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Just Joined

2 Posts

Posted - 04 May 2021 :  16:22:51  Show Profile  Reply with Quote

I,m asking advice for a friend please.

They are thinking of applying for a trust deed due to various debts &, Credit cards.

One thing they are unsure of is an inhibition order which is against them on their house. Mortgaged.

This has been on their property for a few years now.

If they enter into a protected trust deed would this inhibition be included in the trust deed then taken off the property?

They also have a protected home loan on the property (hence why they have no equity). Could any of this be included in the trust deed.?

Thank you..

TDA (Debt Adviser)
Trust Deed Expert

13734 Posts

Posted - 04 May 2021 :  20:13:15  Show Profile  Reply with Quote
Welcome to the trust deed forum starbucks123.

It's best to wait and see what Kevin or Paul have to add to this topic when they next visit the forum, but I don't think the inhibition would be an issue with a trust deed. I think it would have to be lifted once the debt has been "written off" when your friend completes the trust deed and gets discharged.

If the loan is secured against the property, they'll need to keep repaying the loan in full or their home will become at risk of repossession. A secured loan is no different to a mortgage in this respect.

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Kevin Mapstone
Trust Deed Expert

3983 Posts

Posted - 04 May 2021 :  20:41:08  Show Profile  Reply with Quote
Hi Starbucks123. Amy is right on both counts.

The debt that is owed to the creditor with the inhibition would be included in a Trust Deed and your friend's liability would be discharged on completion. The inhibition would therefore be pretty meaningless and as there is no debt remaining to be paid and would eventually just expire 5 years after it was last renewed.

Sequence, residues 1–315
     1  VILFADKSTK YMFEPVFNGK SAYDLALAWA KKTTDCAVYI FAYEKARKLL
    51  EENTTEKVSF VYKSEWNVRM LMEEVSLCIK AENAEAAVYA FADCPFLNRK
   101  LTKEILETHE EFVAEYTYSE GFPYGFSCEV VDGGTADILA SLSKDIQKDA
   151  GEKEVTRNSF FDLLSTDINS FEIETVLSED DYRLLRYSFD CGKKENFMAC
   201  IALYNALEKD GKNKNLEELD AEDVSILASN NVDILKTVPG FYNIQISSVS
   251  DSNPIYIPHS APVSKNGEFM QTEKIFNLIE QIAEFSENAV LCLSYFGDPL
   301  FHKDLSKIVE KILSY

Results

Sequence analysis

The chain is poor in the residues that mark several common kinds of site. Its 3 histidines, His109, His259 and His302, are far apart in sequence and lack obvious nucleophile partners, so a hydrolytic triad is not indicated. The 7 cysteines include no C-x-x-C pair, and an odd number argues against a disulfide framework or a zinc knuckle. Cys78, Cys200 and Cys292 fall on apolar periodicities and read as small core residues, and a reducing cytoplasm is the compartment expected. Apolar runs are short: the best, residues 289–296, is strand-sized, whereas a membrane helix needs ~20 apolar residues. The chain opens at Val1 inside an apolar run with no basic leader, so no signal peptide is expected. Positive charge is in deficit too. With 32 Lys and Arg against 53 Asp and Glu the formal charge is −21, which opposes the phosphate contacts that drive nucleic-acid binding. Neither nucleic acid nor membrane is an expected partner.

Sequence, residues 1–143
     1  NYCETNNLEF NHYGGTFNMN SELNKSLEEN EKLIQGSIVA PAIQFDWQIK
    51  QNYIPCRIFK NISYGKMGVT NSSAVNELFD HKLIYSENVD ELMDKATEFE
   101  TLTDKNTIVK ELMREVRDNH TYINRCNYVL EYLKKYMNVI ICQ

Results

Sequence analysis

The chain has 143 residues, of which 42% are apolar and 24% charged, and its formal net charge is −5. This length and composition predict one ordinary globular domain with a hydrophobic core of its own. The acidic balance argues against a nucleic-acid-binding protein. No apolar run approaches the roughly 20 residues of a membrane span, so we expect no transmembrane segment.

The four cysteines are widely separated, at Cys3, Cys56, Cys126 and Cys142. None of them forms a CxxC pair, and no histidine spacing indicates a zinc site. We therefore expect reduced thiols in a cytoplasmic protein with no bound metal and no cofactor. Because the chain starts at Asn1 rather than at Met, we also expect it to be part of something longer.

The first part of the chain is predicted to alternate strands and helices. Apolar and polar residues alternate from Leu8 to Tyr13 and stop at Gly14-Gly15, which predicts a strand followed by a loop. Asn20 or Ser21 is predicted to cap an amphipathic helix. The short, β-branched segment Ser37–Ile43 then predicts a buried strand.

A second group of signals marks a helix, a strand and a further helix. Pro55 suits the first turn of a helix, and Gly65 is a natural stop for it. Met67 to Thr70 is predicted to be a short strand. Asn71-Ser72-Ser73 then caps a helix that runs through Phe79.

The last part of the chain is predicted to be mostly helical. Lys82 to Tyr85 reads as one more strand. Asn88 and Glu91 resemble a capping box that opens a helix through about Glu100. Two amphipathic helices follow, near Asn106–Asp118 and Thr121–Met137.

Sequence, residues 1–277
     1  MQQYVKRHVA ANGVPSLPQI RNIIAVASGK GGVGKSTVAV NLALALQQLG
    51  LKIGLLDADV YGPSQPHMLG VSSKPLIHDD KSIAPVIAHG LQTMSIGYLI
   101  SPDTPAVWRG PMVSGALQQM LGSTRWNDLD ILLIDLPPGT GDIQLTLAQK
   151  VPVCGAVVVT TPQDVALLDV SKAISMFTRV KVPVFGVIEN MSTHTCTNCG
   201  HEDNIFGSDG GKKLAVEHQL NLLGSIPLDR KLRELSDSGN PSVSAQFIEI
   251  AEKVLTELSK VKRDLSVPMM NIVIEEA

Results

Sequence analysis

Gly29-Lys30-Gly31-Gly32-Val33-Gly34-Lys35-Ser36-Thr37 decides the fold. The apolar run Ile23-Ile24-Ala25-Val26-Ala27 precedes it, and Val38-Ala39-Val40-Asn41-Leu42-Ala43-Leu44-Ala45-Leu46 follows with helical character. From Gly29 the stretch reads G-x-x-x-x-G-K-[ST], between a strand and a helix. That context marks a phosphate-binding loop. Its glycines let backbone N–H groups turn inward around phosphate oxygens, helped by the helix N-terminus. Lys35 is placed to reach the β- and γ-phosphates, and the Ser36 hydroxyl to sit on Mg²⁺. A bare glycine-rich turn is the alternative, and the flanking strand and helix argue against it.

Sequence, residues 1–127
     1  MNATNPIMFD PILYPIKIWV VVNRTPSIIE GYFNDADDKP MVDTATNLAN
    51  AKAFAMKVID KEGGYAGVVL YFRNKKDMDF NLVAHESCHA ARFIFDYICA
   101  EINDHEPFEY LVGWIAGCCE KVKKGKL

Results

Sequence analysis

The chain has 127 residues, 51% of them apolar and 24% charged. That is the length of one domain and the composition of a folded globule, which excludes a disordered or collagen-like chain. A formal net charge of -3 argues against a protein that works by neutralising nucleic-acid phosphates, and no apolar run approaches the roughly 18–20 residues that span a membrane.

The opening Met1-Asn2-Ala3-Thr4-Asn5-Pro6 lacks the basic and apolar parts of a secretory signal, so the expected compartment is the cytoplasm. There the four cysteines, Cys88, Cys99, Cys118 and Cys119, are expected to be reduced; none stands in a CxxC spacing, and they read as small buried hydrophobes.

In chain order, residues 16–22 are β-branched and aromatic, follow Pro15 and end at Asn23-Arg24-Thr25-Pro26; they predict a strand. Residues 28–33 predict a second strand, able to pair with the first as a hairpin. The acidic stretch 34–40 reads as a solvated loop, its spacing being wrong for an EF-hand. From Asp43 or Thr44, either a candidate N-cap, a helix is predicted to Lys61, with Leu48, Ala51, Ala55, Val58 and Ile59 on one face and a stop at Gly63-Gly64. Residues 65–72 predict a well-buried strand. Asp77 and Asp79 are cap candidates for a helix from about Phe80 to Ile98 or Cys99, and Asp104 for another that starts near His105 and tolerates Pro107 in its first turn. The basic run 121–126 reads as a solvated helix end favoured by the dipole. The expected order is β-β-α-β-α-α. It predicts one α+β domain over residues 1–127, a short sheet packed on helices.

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Just Joined

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Posted - 04 May 2021 :  22:36:24  Show Profile  Reply with Quote
Thank you for replying.

Thats really good to know I,ll pass on this message.

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Paul McDougall
Trust Deed Expert

108 Posts

Posted - 05 May 2021 :  09:29:41  Show Profile  Reply with Quote

The inhibition prevents you from selling a property or incurring any further borrowing without the permission of the inhibiting creditor. This gives creditor some protection.

In practice, the inhibition will stay on for the duration of the 5 years but the creditor would not be able to renew it once it expires.

If the creditor is unsecured then yes, the debt would be included in the trust deed and the balance written off at the end of the process. If it is secured on the property then the creditor will rely on their security and this would not be written off until it is settled.


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Edited by - Paul McDougall on 05 May 2021 09:32:25
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